Preserving carry tax treatment and other ACG policy priorities for 2016

  • Wants to maintain the “joint employer” legal standard for mid-sized companies
  • Aims to preserve the capital-gains tax treatment for carried interest
  • Wants to maintain the deductibility of interest on corporate debt

With New Year’s resolutions in the books, now is the time to start making good on them.

Gary LaBranche, president and CEO of the Association for Corporate Growth, and Amber Landis, ACG’s vice president of public policy, recently spoke with Buyouts about their goals for the new year. ACG has grown to more than 14,500 members, including more than 1,000 mid-market buyout firms, operating in 57 chapters around the world.

ACG has four public policy priorities for 2016:

1. Maintain the “joint employer” legal standard for mid-sized companies.

Recent actions by the National Labor Relations Board have undermined a legal standard in which companies have been considered “joint employers” only in cases where they directly control another company’s employees. The standard has protected organizations, including private equity firms, from liability related to employee actions taken by suppliers, vendors, contractors, portfolio companies and other third parties.

In one of its recent actions, NLRB just over a year ago filed complaints against McDonald’s USA related to employee activity at franchise restaurants not owned by McDonald’s.

LaBranche said the threat of a presidential veto effectively killed a legislative fix tentatively attached as a rider to last year’s omnibus spending bill. Nevertheless, he said that “there’s quite a bit of support — bi-partisan support — to clarify this situation.” Getting legislation passed remains a priority for this year.

2. Preserve the capital-gains tax treatment for carried interest.

Every year, it seems, U.S. legislators threaten to switch the tax treatment of carried interest from capital gains to regular income. And every year, the industry reacts, rightly or wrongly, as if it is an existential threat. So far, the proposals have gone nowhere. This year you can expect more of the same.

The next session of Congress, said LaBranche, will be “consumed” with presidential politics. “As a result of that, very little will be accomplished on something as significant as comprehensive tax reform.” He sees “no reasonable scenario” in which a proposal would make it out of both houses of Congress.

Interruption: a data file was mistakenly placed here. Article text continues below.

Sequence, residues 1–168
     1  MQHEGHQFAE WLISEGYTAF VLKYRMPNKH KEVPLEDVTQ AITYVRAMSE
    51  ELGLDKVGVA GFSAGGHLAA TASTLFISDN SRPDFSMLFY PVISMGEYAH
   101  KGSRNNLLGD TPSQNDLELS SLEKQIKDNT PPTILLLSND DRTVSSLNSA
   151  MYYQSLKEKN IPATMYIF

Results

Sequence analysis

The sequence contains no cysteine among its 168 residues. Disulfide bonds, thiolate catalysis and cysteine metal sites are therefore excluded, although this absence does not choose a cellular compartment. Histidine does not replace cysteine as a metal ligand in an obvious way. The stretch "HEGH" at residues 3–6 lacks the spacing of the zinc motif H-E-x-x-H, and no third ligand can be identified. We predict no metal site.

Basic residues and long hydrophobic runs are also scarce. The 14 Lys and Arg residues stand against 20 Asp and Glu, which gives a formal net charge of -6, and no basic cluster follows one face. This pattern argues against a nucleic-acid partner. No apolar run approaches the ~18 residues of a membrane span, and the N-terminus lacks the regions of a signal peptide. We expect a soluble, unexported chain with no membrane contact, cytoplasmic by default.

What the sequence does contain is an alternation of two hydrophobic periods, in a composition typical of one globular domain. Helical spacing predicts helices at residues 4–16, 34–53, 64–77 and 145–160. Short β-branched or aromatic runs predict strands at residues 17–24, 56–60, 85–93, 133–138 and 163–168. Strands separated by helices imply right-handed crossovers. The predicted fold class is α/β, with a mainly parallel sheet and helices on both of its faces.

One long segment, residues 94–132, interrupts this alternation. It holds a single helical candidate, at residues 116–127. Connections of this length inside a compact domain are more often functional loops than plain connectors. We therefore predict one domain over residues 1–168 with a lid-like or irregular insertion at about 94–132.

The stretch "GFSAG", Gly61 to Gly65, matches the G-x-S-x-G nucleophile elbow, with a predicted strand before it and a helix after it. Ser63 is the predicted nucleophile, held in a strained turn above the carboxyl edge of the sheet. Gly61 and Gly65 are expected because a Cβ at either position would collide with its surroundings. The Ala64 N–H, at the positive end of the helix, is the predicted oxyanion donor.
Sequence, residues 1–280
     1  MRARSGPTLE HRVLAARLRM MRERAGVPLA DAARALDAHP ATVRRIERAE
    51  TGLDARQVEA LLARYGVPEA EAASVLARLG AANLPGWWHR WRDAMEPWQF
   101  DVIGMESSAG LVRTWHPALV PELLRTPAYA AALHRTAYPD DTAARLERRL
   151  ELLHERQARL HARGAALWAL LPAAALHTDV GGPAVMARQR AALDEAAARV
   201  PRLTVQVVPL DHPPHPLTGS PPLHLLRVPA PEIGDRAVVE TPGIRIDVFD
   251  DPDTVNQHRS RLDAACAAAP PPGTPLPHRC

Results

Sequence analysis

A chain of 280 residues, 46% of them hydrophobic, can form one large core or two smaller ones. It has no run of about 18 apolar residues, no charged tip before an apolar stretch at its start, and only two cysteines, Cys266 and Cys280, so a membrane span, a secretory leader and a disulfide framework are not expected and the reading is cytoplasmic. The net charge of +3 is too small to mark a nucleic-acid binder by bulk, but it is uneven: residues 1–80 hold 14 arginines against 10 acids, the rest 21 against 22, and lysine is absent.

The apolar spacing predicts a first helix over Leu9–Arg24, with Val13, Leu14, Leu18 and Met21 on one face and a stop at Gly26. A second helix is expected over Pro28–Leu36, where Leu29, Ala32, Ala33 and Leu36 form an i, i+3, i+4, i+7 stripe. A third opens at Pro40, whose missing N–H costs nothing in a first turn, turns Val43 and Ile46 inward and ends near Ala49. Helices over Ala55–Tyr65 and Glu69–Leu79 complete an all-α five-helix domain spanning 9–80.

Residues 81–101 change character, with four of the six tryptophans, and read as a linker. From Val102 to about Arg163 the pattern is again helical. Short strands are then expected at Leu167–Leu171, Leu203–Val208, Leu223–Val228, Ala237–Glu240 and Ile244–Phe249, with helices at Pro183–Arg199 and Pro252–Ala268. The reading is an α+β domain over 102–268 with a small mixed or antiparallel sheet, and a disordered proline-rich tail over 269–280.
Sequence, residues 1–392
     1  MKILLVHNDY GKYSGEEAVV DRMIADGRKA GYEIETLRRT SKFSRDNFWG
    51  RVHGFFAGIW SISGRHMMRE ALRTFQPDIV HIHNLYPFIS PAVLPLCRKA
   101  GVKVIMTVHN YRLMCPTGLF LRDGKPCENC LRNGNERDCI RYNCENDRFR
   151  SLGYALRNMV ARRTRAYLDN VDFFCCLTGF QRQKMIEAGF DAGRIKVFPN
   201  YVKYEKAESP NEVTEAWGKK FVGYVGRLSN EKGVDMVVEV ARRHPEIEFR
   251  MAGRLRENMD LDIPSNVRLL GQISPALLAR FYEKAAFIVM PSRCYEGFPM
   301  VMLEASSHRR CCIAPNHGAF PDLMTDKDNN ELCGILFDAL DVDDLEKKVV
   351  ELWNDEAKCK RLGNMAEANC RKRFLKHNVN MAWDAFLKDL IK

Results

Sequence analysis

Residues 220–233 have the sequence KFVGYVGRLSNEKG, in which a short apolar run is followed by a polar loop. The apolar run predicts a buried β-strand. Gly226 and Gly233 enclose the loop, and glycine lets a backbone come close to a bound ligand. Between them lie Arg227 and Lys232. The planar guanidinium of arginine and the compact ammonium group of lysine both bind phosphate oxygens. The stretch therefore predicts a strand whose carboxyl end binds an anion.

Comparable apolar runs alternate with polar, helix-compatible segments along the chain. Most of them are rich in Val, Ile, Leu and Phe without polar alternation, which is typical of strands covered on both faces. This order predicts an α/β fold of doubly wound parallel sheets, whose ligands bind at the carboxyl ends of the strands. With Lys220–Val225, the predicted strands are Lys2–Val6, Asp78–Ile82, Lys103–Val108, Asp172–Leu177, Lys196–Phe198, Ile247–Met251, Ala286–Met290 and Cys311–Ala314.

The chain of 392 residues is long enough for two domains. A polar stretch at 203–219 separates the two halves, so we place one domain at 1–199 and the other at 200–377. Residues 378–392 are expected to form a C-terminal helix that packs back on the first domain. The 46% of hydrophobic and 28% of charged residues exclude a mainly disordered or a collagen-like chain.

That said, ACG believes carried interest taxation will “continue to be a major issue” and could return to the table as part of future comprehensive tax reform. For that reason ACG plans to keep up the pressure, telling legislators and their staffs why treating carried interest as capital gains is appropriate and in keeping with the partnership model of corporate ownership.

3. Maintain the deductibility of interest on corporate debt.

Leverage plays such a big role in generating PE returns that eliminating the deductibility of interest — a proposal floated by Republican presidential candidate Marco Rubio  could pose an existential threat to the business. That the effects would be so spectacular works in the industry’s favor.

Do legislatures really want to turn off the spigot governing the flow of growth capital to thousands of mid-sized companies that in turn employ tens of thousands of people?

As with carried interest taxation, LaBranche sees little chance of legislation passing this year. However, he predicted “that no matter who is elected, come the following session of congress there is a high likelihood that interest deductibility will be very high on the agenda.”

LaBranche said ACG staff would talk with legislators this year about how eliminating the deductibility of interest represents a “direct threat to the viability of a small company that has a need to borrow to expand their company.”

4. To be announced.

And the fourth priority? ACG doesn’t want to give a way too many details yet. But Landis did say that “the Investment Advisers Act [of 1940] is ill-fitting for the middle-market private equity community and we look forward to talk about how we can modernize the compliance regime for ACG members.”

Stay tuned for more details to be revealed at ACG’s annual public policy summit in Washington later in January.

Action Item: Learn more about the public policy summit here:

Regulation concept photo courtesy of ShutterStock